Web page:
We lost Steve Jobs last month. The world is better for him having been in it, and a little worse off now that he is no longer with us. When I think of Jobs, I am reminded of my favorite quote from my favorite playwright, George Bernard Shaw:
This is the true joy in life, being used for a purpose recognized by yourself as a mighty one; being thoroughly worn out before you are thrown on the scrap heap; being a force of nature instead of a feverish selfish little clod of ailments and grievances complaining that the world will not devote itself to making you happy.

This was Jobs: a force of nature. And sadly, he seemed to be pretty worn out at the end. He saw things in a different way from most people. An iPod is nothing but a hard drive and set of headphones, but it revolutionized the way we listen to music. The iTunes store revolutionized the way we buy music.

This isn’t an ad for Apple products. They speak for themselves. But Jobs’ life has some great success lessons for all of us.

Jobs was confidence personified. And self-confidence is an important key to success. Tweet 56 in my career advice book Success Tweets says, “Self-confidence must come from within. Outside reinforcement and strokes can help, but you have to build your own confidence.” Steve Jobs did just that by daring to dream big and making those dreams come true.

Self-confidence is an inside job. Self-confident people are optimistic. They face their fears and act. And they surround themselves with positive people. Let’s look at each of these in a little more detail.

OPTIMISM
I’ve heard optimism called “the creator of the future.” In many ways, Jobs created the future in which we live today. In these days of economic uncertainty and crazy partisan politics, staying optimistic can be difficult. Believe that every day is going to be a good day—and set about making it so. Believe you will succeed in every project you undertake. This optimism will fuel your self-confidence, and drive your performance.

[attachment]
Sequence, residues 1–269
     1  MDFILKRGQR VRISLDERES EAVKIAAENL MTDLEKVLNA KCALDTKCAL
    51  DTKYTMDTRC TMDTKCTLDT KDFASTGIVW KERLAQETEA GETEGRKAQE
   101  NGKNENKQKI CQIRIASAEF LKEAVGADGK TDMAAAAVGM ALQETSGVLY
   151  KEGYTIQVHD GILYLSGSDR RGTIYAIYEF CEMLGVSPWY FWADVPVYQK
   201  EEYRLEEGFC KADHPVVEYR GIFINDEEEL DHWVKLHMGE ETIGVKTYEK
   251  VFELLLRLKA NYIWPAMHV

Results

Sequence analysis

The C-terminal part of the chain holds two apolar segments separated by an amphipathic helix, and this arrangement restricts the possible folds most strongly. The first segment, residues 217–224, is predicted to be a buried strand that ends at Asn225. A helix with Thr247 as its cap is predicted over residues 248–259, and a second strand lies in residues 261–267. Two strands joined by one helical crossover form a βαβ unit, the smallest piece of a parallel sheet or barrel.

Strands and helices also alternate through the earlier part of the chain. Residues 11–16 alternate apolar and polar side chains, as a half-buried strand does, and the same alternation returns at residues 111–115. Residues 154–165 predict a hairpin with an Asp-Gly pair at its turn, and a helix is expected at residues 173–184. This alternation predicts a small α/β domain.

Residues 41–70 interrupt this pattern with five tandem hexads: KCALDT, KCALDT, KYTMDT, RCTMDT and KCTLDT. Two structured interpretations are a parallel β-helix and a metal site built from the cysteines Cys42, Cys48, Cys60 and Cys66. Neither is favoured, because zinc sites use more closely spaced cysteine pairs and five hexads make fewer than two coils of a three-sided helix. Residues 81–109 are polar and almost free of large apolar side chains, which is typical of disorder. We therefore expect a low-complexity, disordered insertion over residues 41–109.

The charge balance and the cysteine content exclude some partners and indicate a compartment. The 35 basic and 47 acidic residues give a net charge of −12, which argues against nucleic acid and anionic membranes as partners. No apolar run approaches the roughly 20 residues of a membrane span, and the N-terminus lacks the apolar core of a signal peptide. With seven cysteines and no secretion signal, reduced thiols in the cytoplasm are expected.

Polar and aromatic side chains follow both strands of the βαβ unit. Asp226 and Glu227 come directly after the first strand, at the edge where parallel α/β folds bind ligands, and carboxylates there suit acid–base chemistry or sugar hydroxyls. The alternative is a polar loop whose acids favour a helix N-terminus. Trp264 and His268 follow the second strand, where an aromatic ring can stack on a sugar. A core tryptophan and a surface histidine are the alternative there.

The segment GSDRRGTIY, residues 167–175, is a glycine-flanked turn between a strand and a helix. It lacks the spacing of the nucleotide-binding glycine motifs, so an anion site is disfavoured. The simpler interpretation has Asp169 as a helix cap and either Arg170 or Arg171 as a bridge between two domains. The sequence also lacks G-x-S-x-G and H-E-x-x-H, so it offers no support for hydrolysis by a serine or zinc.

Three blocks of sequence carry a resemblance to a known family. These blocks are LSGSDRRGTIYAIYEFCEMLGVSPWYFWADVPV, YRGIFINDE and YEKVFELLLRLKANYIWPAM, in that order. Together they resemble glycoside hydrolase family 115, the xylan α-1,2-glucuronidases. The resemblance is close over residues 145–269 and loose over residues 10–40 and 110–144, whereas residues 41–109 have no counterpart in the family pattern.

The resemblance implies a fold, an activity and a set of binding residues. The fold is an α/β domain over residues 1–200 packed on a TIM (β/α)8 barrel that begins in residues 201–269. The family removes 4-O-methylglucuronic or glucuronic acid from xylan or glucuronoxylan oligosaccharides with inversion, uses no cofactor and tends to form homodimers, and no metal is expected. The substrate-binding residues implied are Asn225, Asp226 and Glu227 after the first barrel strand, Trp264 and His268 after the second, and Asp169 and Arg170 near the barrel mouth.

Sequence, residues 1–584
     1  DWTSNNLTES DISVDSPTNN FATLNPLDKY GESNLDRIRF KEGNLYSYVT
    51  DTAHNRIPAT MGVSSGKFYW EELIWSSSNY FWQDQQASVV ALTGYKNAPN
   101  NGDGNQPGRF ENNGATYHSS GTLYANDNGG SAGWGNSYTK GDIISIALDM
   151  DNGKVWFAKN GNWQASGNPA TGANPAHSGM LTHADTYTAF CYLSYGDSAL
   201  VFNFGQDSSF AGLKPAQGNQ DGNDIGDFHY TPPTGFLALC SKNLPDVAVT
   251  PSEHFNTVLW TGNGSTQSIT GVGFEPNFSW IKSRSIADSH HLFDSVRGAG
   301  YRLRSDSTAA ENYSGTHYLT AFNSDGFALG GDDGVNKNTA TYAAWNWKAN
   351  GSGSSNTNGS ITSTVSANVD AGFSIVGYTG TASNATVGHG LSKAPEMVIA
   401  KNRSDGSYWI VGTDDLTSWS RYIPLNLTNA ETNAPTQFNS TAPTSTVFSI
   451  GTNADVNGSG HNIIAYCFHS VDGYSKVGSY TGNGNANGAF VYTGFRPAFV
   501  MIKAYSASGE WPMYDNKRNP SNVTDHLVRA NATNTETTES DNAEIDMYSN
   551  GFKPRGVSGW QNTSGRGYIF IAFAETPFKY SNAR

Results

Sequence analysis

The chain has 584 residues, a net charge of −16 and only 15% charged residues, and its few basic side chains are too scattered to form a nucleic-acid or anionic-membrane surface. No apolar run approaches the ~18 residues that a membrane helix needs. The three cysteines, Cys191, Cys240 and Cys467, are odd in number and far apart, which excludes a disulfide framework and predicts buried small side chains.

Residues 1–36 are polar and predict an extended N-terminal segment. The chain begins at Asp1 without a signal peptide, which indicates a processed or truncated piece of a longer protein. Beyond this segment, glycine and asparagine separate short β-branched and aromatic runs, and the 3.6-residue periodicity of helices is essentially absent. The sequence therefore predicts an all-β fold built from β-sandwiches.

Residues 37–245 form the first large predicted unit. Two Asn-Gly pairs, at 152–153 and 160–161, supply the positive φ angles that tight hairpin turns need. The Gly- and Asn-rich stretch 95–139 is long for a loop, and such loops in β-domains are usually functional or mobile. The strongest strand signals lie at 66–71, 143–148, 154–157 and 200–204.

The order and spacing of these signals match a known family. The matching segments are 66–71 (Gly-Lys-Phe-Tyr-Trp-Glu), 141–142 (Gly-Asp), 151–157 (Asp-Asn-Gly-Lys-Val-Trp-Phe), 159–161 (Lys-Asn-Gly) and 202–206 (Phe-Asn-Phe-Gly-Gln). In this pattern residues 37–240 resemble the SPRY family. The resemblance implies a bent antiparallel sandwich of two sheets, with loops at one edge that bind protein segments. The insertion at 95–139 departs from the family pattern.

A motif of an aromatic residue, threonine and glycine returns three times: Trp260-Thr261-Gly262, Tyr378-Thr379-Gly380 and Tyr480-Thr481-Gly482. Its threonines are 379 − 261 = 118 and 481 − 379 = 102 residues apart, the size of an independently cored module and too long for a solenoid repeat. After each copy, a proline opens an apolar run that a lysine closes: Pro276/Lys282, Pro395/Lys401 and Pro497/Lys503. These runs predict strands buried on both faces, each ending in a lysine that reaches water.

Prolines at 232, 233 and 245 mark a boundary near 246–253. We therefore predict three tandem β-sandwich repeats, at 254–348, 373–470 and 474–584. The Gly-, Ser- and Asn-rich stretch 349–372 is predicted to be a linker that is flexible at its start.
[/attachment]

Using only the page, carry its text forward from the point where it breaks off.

FEAR
Fear is the enemy of self-confidence. It’s also very normal. We’re all afraid sometimes. Fear can be debilitating, paralyzing you into inaction. Over the years, I’ve found how to face up to my fears and conquer them. Indecision, procrastination and inaction feed fear. Action cures it. Here are my four easy steps for conquering fear.

  • Identify what you fear.
  • Admit what you fear.
  • Accept and embrace your fear.
  • Take action to overcome your fear.
    • POSITIVE PEOPLE
      Surround yourself with positive people— people who are both positive by nature, and positive about their success in their life and career. Positive people are optimistic—and optimism is the first step in building self-confidence.

      Positive people help you feel good about yourself. They are there when you begin to doubt yourself. They help you build your self-confidence because they have strong self-confidence of their own. They are not threatened by others. They realize that self-confidence is not a fixed pie. There is an unlimited amount of it to go around. Just being around them will build your self-confidence.

      We all lost a good friend last month. I began this column with one quote from Shaw. I’ll close with another: “The reasonable man adapts himself to the world: the unreasonable one persists to adapt the world to himself. Therefore all progress depends on the unreasonable man.”

      Jobs was an unreasonable man—that’s why he is iconic. He believed in himself and his ideas. He was incredibly self-confident. Self-confidence is an inside job. You have to create it yourself. But once you do, you’ll find that it’s an upward spiral. Your confidence will inspire you to take on challenges. Your success in mastering these challenges will help you become more confident and allow you to take on and meet even greater challenges. Look at what confidence did for Steve Jobs. It can do the same for you.

  • Bud Bilanich

    Bud Bilanich, The Common Sense Guy, is a success coach, motivational speaker, author and blogger. He is a faculty member at the Daniels College of Business at the University of Denver where he teaches courses in Organizational Dynamics and Human Capital Management. Bud has written five books on career and life success, which are the basis of his Common Sense Success System.

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